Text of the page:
Heartstopper Season 2 continues to explore the importance of representation. Not only in the LGBTQIA+ community, but through families, relationships, friendships, and abilities.
The heartfelt romantic tv drama series aired on Netflix on the 3rd of August, produced by See-Saw Productions, written by Alice Oseman, and directed by Euros Lyn. Based on Oseman’s webcomic and graphic novel books, this adaptation brings new components to Nick Nelson’s and Charlie Spring’s relationship (played by Kit Connor and Joe Locke, respectively), as well as additional events and happenings at Truham Grammar School for boys and Higgs Girls School.
In this season, we see Nick’s continued experience of coming out after the his bisexual awakening in the first season. During this process, Charlie continues to support Nick through all his successes and near triumphs.
Tara Jones (Corinna Brown) and Darcey Olsson (Kizzy Edgell) continue to explore their once-thought idealised relationship from the first season, whilst Tao Xu (William Gao) and Elle Argent (Yasmin Finney) develop their relationship that was briefly touched over in the last season.
Lastly, the lovable book worm Isaac Henderson (Tobie Donovan) explores his asexuality thanks to James McEwan (Bradley Riches).
Through the representation of these characters Heartstopper educates its audience on what it is like to be lesbian, gay, bisexual, transgender, and asexual, showcasing the discrimination, bullying, and harassment that many queer people experience in their lifetimes for no reason other then wanting to be their true authentic self.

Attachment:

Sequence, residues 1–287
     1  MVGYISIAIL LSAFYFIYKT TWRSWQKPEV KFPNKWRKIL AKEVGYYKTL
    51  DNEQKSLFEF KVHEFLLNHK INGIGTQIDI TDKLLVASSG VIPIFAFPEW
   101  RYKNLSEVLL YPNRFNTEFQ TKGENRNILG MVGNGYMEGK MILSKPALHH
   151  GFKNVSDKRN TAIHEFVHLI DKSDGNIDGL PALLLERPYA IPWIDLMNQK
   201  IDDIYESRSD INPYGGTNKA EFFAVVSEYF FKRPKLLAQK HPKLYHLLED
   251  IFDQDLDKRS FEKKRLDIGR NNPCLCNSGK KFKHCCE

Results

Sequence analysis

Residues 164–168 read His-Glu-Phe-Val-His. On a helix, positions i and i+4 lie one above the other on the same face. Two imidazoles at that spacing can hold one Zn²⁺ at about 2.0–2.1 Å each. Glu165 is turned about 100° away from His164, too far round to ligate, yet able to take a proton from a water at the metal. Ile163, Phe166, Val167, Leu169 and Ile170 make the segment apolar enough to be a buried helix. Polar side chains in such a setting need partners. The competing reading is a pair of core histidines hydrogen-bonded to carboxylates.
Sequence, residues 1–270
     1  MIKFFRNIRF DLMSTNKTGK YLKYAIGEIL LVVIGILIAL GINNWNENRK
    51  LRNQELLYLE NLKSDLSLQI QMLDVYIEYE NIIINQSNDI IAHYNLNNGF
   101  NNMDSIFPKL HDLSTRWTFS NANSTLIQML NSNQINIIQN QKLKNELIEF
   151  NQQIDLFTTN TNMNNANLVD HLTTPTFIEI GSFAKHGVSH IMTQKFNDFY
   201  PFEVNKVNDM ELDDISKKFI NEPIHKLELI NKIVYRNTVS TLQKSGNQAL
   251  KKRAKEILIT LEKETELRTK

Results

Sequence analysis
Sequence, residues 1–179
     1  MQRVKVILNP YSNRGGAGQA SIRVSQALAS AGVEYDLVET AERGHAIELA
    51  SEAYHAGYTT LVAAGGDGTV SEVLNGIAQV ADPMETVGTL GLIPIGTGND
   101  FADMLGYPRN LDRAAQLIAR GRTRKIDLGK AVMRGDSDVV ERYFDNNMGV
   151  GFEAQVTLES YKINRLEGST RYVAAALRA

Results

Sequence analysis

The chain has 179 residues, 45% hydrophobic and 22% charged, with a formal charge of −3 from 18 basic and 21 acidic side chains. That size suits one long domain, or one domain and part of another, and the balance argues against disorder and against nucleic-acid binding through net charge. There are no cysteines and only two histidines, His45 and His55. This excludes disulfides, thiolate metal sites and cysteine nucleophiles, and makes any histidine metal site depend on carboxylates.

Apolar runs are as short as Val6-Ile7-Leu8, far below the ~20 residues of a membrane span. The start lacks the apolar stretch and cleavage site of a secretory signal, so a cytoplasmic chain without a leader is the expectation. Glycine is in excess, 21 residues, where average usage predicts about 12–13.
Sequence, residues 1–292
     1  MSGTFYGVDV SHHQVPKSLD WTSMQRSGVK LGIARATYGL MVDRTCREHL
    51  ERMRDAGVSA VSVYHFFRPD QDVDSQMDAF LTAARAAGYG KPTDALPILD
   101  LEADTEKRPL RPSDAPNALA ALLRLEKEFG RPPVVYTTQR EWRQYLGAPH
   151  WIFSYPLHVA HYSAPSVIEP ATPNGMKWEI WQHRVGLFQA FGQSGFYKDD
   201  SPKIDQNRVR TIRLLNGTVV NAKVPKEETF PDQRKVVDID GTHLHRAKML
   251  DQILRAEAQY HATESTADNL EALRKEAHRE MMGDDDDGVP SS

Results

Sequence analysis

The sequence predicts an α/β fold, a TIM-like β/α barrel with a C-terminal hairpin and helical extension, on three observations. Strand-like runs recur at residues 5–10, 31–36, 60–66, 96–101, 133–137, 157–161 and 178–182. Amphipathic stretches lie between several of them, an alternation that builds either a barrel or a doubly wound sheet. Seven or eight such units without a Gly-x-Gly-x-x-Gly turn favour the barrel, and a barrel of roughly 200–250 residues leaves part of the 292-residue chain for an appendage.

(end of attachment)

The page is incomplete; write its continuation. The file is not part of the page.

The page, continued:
Homophobia and biphobia are prominent throughlines explored in most episodes, due to both the high school bullying aspect of the narrative and the homophobic mentality brought to relationships between parents and siblings. The hardships of being queer and publicly “out”, be that of their identity or romantic relationship, wears many of these teenage characters down, showing the audience the additional hardships pertaining to the queer relationship experience. Due to these hardships, mental health is naturally displayed in many of these young adults, with Charlie taking the brunt of the extremality.
New supporting characters like Felix, Naomi, Sahar, and Otis (played by Ash Self, Bel Priestley, Leila Khan, and Araloyin Oshunremi, respectively) have helped further diversify the loveable cast of characters. Despite some of these characters having minor or supporting roles, the importance of minority representation seen on TV is important in a world where white, heterosexual, cisgender, and able body individuals dominate the screen and everyday world.
Heartstopper continues to express the importance of intimate innocence through such simple acts as merely hugging. This act of support, in a world so desperate to sexualise teens, individuals, and relationships (especially in media), displays a comfort and acceptance for queer audiences, many of whom are only discovering themselves, which further assists in Heartstopper‘s overall effectiveness.
Heartstopper also explores and shows the maturity of teen relationships, with the characters expressing their troubling emotions through honesty, heartfelt conversations, and innocent gestures; A simple act that can be difficult to even adults.
Oseman has showed the world what it is to be a young adult (or a mature adult, as embodied by Nima Taleghani as Mr. Farouk), expressing and experiencing one’s queer identity through a diverse cast of characters, while simultaneously showing the virtuousness and importance of representation in media.
Heartstopper has gifted me and many others the acceptance, strength, and representation that is needed in today’s entertainment.
(FIVE OUT OF FIVE STARS)
Heartstopper Season 2 is now streaming on Netflix.